Peer Effects in the Individual and Group Literacy Achievement of High-School Students in a Bi-dialectal Context
The theory of peer effect posits that students who find themselves in the company of high or low performing peers tend to exhibit better academic performance than what is solely attributable to their own individual characteristics. In this study, we investigate peer effects within literacy
achievement among Trinidadian and Tobagonian youth, using a nationally representative sample of 15-year-old students. Findings indicate the presence of a strong literacy-based peer effect in mathematics, reading, and science even after controlling for individual demographic differences. Peer
effect alone explained between 30% and 67% of the total variation in literacy. Implications are discussed.
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Document Type: Research Article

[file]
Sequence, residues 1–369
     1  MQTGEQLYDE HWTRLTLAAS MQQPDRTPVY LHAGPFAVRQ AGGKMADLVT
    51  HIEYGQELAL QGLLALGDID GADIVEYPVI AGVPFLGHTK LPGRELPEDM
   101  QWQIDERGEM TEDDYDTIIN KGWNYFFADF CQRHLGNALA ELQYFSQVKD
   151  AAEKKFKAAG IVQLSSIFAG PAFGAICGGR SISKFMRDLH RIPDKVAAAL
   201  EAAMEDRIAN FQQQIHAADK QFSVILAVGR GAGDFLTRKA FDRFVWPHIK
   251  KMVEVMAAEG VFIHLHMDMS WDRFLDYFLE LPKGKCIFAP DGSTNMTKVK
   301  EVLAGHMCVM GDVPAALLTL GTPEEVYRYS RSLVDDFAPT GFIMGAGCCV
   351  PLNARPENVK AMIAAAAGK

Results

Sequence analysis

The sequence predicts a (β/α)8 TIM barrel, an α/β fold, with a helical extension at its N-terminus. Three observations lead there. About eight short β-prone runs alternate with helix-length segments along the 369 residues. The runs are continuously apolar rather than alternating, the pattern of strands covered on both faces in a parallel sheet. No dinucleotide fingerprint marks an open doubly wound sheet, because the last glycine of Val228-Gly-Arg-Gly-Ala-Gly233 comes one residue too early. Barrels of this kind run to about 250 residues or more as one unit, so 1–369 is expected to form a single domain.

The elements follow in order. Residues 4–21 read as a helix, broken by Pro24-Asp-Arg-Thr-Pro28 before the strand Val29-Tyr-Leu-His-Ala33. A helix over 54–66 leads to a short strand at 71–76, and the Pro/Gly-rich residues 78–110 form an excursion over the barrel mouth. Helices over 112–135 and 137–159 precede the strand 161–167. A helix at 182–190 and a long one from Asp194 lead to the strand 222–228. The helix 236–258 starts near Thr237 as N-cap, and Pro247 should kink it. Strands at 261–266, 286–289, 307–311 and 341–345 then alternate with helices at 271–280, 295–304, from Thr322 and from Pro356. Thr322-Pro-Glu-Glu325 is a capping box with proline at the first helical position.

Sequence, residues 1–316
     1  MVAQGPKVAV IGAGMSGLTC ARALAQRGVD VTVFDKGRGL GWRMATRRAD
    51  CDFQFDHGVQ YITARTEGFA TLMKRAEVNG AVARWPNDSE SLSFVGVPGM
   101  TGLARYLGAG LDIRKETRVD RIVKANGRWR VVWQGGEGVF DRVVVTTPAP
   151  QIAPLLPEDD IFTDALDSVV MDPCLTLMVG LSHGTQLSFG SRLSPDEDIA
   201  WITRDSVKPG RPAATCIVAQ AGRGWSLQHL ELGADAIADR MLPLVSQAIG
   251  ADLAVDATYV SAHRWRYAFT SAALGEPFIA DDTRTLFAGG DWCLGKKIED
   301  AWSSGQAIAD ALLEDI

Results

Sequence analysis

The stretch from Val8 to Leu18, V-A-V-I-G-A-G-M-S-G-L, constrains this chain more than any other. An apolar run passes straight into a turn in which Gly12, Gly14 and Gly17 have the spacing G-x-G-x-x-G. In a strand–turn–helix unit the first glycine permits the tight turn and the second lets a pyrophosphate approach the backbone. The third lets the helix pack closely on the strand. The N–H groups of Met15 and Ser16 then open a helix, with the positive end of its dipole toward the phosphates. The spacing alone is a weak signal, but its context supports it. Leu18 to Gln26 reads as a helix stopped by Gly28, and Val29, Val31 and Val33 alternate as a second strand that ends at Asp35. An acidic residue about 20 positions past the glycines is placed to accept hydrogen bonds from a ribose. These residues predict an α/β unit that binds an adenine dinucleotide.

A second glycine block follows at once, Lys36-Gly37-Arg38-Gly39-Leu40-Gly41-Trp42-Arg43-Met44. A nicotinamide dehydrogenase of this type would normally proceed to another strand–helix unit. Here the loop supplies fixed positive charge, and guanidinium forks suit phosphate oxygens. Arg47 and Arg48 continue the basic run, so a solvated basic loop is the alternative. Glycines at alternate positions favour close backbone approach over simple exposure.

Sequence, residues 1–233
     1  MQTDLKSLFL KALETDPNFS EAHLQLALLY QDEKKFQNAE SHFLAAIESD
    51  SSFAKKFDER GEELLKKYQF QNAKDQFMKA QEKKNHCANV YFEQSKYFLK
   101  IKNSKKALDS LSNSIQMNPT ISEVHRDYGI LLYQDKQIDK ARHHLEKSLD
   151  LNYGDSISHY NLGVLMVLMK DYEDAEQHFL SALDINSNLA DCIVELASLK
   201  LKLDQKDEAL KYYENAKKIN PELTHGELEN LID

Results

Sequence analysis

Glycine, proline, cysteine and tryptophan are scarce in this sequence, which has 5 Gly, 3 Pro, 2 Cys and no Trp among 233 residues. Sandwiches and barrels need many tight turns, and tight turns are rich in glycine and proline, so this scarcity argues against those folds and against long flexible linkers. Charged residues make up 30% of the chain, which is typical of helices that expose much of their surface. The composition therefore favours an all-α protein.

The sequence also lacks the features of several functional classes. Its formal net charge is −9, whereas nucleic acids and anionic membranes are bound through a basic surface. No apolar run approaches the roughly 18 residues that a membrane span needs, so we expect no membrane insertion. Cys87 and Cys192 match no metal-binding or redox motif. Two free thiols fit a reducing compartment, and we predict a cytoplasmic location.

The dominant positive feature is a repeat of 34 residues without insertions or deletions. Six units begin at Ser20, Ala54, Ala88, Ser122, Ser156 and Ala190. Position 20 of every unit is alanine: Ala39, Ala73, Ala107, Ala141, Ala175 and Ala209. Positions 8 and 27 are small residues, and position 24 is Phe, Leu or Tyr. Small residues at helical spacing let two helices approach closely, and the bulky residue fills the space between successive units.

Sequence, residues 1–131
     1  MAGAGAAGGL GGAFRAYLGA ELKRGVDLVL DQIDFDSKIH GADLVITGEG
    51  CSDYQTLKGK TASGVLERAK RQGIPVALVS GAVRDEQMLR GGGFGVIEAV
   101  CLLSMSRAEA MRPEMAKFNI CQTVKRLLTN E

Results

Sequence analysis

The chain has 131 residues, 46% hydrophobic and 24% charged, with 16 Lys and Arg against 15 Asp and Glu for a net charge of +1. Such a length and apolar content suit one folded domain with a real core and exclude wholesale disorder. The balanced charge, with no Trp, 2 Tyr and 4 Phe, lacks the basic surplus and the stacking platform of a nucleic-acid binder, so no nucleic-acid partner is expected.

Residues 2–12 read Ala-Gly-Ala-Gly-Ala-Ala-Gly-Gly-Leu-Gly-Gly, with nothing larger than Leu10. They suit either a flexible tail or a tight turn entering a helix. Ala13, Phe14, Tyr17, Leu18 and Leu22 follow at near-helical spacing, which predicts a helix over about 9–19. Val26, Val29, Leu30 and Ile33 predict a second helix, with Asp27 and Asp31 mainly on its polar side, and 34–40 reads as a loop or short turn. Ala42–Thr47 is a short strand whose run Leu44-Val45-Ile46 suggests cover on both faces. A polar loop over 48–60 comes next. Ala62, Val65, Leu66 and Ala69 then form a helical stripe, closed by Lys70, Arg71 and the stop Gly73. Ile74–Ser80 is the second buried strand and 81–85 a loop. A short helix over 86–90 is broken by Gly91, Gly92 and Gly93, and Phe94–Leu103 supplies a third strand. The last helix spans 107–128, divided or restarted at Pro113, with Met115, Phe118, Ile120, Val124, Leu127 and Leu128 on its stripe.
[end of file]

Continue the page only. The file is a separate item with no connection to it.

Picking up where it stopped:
Professor and Director of the School of Education, University of the West Indies, Cave Hill Campus, Barbados;
Planning and Institutional Research Officer, University of the West Indies, Open Campus, Barbados,;
Assistant Professor Department of Curriculum and Instruction Language, Diversity and Literacy Studies Texas Tech University, Lubbock, TX, USA;
Term Assistant Professor Department of Information Systems and Operations Management, School of Business, George Mason University, Fairfax, VA, USA;
University of South Florida Childhood Education and Literacy Studies, Tampa, FL, USA
February 17, 2019
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